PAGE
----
As the uprising in Bishkek unfolded, a scheduled meeting of the heads of governments of the Eurasian Economic Community convened, but it looked more like a face-saving effort than a serious move to cement the alliance within the shaky community. Kyrgyzstan Deputy Prime Minister Kubanychbek Zhumaliyev, who substituted for Prime Minister Nikolai Tanayev at the talks, remained out of the limelight. The leaders wisely avoided journalists, delegating Russian Prime Minister Mikhail Fradkov to appear before the press, where he focused on economic issues. Fradkov evaded comment on the Kyrgyz uprising by dismissing it out of hand as an act of vandalism and looting committed by an uncontrolled mob (Kazakhstan TV, March 24).
Astana closed the border with Kyrgyzstan and recalled Kazakh nationals from the troubled country, indicating that officials do not believe that the situation will stabilize soon. But the conflicting statements made by authorities in recent days leave the decided impression that security measures are uncoordinated and chaotic. The commander of the Southern Directorate of border troops, Marat Mazhitov, told journalists that border guards had introduced security measures along the border. Foreign Ministry spokesman Omarov, however, denied this, saying that there was no need to strengthen the border as all structures were working as usual (Liter, March 24).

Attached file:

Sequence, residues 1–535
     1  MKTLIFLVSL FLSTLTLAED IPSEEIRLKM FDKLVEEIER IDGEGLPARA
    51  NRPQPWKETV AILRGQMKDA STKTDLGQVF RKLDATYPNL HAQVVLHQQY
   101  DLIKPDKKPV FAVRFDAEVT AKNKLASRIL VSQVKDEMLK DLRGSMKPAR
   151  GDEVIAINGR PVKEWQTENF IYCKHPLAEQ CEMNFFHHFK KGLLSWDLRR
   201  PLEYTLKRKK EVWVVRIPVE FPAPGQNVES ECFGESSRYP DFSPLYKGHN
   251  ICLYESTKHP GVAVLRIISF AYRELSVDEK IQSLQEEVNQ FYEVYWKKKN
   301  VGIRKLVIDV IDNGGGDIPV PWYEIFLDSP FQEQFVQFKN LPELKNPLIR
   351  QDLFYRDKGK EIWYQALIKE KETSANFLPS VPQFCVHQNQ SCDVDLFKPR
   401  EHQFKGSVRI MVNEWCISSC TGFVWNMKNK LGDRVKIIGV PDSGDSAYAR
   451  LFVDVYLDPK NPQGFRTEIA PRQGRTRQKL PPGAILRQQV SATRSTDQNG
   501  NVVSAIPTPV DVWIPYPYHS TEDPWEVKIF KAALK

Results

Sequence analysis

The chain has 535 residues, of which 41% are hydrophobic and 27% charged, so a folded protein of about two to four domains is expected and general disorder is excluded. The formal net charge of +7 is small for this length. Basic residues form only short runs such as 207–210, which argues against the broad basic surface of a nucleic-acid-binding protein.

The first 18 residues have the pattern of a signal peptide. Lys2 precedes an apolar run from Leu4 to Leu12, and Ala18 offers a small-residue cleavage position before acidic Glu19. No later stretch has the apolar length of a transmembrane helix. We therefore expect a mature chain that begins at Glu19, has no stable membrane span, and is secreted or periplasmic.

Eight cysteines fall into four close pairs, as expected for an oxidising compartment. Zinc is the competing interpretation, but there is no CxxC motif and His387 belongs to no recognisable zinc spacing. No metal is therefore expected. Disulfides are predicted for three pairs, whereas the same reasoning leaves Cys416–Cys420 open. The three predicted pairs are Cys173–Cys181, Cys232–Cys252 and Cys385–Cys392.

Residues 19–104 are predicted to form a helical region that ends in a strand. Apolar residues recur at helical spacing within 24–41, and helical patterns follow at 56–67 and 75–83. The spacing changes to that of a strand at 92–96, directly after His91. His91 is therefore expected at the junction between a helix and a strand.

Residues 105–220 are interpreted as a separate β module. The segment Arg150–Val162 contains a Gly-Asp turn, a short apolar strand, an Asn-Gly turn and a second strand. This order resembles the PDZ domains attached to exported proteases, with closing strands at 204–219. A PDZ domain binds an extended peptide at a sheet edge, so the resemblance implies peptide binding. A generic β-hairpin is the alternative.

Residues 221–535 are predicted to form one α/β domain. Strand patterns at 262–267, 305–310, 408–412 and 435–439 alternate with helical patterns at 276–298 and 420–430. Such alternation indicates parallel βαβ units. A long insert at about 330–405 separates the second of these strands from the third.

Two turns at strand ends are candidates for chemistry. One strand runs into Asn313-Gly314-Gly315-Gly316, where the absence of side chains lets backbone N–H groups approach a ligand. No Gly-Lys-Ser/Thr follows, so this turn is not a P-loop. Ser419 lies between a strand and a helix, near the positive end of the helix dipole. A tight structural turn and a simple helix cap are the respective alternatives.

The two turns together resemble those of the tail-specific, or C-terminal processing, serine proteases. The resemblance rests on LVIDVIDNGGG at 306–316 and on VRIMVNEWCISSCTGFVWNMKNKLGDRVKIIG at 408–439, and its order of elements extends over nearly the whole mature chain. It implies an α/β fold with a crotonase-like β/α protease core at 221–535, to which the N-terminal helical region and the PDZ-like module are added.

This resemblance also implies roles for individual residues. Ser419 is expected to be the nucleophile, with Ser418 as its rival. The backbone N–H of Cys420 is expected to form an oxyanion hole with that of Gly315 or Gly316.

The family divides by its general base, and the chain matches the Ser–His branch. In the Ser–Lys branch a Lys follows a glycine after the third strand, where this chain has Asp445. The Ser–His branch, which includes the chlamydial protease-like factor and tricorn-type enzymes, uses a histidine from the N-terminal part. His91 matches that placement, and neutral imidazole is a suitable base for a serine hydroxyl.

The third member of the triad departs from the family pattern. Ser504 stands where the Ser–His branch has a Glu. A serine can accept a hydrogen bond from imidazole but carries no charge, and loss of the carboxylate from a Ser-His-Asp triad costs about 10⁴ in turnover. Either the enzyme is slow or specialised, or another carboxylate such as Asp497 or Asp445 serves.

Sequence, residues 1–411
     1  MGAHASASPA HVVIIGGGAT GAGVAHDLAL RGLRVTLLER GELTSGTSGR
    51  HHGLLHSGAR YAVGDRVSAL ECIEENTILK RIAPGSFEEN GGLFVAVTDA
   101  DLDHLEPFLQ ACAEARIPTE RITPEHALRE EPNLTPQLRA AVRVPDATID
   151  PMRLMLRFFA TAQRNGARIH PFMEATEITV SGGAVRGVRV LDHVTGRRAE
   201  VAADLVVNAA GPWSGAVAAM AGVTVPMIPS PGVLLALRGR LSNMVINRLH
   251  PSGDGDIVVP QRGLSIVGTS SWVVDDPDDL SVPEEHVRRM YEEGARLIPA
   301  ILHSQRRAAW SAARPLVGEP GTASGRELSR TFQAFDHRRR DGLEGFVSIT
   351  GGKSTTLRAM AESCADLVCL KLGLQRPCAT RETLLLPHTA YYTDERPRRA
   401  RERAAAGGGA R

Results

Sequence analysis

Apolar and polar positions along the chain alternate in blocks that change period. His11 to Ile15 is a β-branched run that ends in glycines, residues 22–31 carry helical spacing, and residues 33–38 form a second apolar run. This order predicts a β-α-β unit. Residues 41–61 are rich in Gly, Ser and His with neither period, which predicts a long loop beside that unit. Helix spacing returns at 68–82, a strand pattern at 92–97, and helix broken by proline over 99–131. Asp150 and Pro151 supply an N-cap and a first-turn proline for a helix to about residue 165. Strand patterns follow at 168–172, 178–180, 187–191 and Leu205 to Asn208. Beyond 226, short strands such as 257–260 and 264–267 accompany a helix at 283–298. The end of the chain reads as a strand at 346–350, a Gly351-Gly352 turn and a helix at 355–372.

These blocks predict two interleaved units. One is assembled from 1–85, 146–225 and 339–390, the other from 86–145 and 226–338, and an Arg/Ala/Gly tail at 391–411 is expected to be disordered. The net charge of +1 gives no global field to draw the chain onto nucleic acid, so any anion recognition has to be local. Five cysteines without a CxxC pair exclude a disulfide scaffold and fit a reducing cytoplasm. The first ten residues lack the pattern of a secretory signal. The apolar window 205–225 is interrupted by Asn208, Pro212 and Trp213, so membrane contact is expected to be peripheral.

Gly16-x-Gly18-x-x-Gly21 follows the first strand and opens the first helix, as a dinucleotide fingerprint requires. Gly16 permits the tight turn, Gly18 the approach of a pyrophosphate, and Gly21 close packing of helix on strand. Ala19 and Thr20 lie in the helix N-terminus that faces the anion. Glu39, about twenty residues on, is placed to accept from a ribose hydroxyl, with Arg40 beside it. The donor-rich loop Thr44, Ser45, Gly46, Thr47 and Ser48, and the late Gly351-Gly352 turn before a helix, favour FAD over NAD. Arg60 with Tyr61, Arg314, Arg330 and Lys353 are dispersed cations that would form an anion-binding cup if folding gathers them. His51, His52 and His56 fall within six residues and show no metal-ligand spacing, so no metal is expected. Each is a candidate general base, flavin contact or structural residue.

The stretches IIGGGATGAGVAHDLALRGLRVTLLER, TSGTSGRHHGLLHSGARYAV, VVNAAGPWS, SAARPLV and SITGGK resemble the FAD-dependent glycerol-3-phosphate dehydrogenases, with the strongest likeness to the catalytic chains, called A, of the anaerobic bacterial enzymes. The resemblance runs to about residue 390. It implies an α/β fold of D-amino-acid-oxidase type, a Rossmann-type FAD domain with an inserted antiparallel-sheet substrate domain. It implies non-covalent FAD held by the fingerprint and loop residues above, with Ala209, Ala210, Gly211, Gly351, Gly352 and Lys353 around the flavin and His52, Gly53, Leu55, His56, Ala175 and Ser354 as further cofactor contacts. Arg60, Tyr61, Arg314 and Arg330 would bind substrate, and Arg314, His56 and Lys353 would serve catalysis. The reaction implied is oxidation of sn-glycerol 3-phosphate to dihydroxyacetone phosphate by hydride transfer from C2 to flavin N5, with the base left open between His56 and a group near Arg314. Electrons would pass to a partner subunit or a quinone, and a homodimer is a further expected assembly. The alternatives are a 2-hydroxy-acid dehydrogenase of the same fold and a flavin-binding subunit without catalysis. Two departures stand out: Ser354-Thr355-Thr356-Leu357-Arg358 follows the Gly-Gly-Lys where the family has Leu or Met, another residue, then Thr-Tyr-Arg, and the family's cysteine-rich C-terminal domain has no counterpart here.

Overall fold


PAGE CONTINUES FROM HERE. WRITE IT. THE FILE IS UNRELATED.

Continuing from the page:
The newly created coalition of opposition forces “For a Fair Kazakhstan” seized upon the unrest in Kyrgyzstan as an opportunity step up its activities. The coalition nominated a single presidential candidate, former speaker of parliament Zharmakhan Tuyakbay, a renegade member of the pro-presidential Otan party.
Many independent observers have pointed out that Kazakhstan’s opposition is in no better shape than were the disorganized and weak Kyrgyz democratic forces. Political scientist Nikolai Kuzmin, for example, has questioned Tuyakbay’s chances to succeed in next year’s presidential elections. Another analyst, Azimbai Gali, believes that, given that the country’s population is 60% ethnic Kazakh, any opposition group with a Russian mindset is unlikely to enjoy popular support. Amid this skepticism, For a Fair Kazakhstan sent a message of support to the Kyrgyz democrats, who are depicted in the semi-governmental Kazakh press as organizers of an illegitimate coup d’etat (Kazakhstan TV, March 27).
Given the chaos now reigning in neighboring Kyrgyzstan, any solidarity with the Kyrgyz opposition may be seen as an attempt to push Kazakhstan toward bloodshed.